Christmas Past: Milan and Berlucchi, Deck The Halls With Franciacorta

This holiday season, I am grateful to be healthy and that my family is all getting together. As I do every Christmas since moving back from Italy, I reflect on Christmases past and the wonderful traditions I had when I lived there. Top of mind is drinking Franciacorta, specifically Berlucchi at Christmas. Berlucchi, Ca’ del Bosco. and Bellavista were the first three Franciacorta wines that I tasted and the Saten from Bellavista remains a singular experience in my mind and on my palate.

Franciacorta really began with Berlucchi so it’s a great place to start a conversation about the denomination. In 1955, Franco Ziliani an oenologist and Guido Berlucchi, decided to embark on an adventure that lead to the birth of this sparkling wine denomination. 1961 saw the birth of their first satisfactory vintage.

Berlucchi 61 Brut is made from 90% Chardonnay and 10% Pinot Nero. The winery creates the cuvée in the spring following harvest. Secondary fermentation in the bottle and maturation sur lie for a minimum of 24 months followed by an additional 2 months after disgorgement is another piece of the puzzle.

I love this wine and it’s elegance on the nose and palate. It has a creamy, fine perlage with small, quick bubbles bursting to the surface. Apple, pear, and yeast come through on the nose with acidity and pith as well on the palate. I love this wine both as an aperitivo and with Salmon.

The Berlucchi winery was the location of the ceremony for my diploma from the Italian Sommelier Association in 2004. I was so happy and proud to have achieved that certificate, my first in wine. Many others have followed but that one still remains a singular achievement to me.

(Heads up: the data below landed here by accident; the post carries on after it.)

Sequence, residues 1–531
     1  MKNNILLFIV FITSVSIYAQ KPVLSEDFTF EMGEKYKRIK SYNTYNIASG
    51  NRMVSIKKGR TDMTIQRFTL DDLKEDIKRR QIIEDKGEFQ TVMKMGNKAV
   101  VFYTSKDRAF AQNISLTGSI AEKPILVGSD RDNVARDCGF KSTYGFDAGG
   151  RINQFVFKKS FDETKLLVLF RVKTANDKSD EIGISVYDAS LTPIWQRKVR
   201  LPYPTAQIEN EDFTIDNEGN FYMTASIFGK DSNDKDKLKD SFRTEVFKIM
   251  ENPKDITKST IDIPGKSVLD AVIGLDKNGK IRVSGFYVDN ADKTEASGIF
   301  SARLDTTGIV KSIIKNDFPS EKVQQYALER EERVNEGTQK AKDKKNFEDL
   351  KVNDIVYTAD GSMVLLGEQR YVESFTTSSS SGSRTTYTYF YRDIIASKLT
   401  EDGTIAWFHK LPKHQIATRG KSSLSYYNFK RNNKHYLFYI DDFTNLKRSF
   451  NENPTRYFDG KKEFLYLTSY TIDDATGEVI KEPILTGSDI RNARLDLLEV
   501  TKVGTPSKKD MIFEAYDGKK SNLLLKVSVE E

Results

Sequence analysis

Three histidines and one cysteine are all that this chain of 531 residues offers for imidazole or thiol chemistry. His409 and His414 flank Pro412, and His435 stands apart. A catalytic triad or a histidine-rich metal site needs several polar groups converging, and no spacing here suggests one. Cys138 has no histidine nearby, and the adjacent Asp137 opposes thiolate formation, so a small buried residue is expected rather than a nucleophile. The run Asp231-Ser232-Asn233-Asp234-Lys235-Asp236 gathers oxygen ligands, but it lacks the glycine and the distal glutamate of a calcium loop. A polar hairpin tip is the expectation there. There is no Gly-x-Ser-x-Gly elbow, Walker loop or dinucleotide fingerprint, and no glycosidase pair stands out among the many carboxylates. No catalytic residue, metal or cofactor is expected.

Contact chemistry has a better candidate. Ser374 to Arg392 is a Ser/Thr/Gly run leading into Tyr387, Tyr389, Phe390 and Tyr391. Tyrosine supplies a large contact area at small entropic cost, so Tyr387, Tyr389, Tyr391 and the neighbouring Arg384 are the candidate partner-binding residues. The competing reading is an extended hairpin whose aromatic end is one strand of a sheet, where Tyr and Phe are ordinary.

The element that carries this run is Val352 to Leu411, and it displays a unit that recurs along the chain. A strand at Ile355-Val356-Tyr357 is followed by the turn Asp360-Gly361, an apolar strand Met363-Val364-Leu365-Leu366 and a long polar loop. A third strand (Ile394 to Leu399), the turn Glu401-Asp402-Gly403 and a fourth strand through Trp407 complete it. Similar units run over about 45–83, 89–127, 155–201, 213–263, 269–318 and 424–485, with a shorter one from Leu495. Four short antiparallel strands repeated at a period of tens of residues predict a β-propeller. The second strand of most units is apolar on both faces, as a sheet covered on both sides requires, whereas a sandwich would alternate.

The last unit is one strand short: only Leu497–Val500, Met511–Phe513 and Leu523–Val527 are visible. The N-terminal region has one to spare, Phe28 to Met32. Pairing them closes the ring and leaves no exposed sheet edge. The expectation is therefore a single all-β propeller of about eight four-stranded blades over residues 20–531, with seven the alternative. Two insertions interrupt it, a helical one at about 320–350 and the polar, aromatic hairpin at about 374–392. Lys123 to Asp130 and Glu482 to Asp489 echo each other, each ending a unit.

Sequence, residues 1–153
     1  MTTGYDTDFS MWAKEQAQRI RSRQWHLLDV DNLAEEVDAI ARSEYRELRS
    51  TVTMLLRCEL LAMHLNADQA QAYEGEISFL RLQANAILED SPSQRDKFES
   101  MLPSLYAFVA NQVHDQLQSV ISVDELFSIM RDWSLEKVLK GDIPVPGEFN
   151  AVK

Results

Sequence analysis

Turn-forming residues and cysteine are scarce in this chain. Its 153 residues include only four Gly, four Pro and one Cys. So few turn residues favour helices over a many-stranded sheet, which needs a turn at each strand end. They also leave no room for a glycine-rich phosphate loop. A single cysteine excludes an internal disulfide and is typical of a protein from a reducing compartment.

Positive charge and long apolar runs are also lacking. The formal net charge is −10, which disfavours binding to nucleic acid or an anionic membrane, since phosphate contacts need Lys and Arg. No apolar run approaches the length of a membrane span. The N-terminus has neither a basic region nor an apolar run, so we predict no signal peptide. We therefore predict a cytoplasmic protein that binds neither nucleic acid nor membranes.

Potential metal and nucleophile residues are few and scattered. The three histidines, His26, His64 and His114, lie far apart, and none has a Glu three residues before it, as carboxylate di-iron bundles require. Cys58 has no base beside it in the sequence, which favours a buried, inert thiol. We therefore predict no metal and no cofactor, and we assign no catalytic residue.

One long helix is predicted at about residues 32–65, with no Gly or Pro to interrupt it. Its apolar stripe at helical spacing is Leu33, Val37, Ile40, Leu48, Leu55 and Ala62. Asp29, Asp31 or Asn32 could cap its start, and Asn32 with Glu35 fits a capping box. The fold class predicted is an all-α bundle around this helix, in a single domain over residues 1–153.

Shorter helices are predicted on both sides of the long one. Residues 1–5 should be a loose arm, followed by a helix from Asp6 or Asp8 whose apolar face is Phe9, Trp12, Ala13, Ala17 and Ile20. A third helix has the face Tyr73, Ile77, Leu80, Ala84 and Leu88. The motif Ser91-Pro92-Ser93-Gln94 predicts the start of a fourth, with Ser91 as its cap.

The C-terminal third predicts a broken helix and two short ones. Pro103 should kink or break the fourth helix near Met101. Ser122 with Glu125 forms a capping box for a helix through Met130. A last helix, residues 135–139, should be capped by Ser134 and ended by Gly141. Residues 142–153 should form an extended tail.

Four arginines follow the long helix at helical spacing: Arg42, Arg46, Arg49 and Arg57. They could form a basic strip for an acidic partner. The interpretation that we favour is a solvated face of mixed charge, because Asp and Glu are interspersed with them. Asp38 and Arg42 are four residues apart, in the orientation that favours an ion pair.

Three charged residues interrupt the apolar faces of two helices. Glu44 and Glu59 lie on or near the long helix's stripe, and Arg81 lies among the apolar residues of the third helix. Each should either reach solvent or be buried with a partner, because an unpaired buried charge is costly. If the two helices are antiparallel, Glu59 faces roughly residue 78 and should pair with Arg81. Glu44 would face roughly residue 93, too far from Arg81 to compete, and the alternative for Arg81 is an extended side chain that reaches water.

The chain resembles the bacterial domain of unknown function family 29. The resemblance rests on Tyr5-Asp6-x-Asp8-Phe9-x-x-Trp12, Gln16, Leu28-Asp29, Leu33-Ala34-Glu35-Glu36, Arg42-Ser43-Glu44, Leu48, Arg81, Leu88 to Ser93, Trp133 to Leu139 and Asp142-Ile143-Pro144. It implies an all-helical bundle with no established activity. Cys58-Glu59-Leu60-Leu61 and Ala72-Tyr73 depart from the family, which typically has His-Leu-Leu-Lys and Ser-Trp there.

Receiving my AIS certificate

Franciacorta is a sparkling wine made in the classical method from areas around the city of Brescia.  Many people have not visited Brescia but it is an amazing city with almost 100 churches and layers upon layers of history. Franciacorta became a DOC wine in 1967 but the Consorzio was created in 1990 by 29 producers. It became a DOCG in 1995. Today they have 200 producers. These wonderful sparklers are made in the traditional method with secondary fermentation taking place in the bottle, with four grape varieties permitted: Chardonnay, Pinot Noir, Pinot Bianco and Erbamat.

The soils in Franciacorta are rich in sand and limestone, and are known for their good drainage. The area is located on what was a moraine that formed as a glacier withdrew many centuries ago. As in many areas of this type of geological origin, numerous minerals, stones and rocks were left to create rich soils where the vine can flourish. The soils in Franciacorta vary with the zones but overall they have these characteristics.

The area is also attentive to sustainability issues and to being carbon neutral. I know a number of producers in the area who strive to be carbon zero. So many wonderful producers to mention here but I will just link to posts that I have written in the past about the area.

Brescia is a city that is surprisingly interesting and rich in art, culture. As Lombardy’s second largest city after Milan, it is often thought of as a small industrial town in Northern Italy, perhaps worth a few hours to see the Duomo, have lunch, and then continue on its more well known neighboring cities.

On closer inspection however, Brescia reveals it exciting and varied history as well as numerous treasures. Brescia is known throughout Italy for its steel industry and precision instruments. The city is quite well to do and this wealth and prosperity is clearly evident in the high quality shops, stores, and restaurants. These last are even more expensive than those of its larger neighbor, Milan.

An itinerary through the city  can be created around various themes such as Roman, Medieval, Renaissance, and/or 17th century architecture. The city can be well navigated on foot from the central station, by bus, car, or on bikes.

Like Bergamo, Brescia is a great side trip if you are in Milan. As you might have guessed, I wrote a long travel article on Brescia for a guidebook some years ago. I have spent less time in Brescia than in Bergamo but have drunk loads of Franciacorta through the years and therefore feel linked to the area in profound ways.

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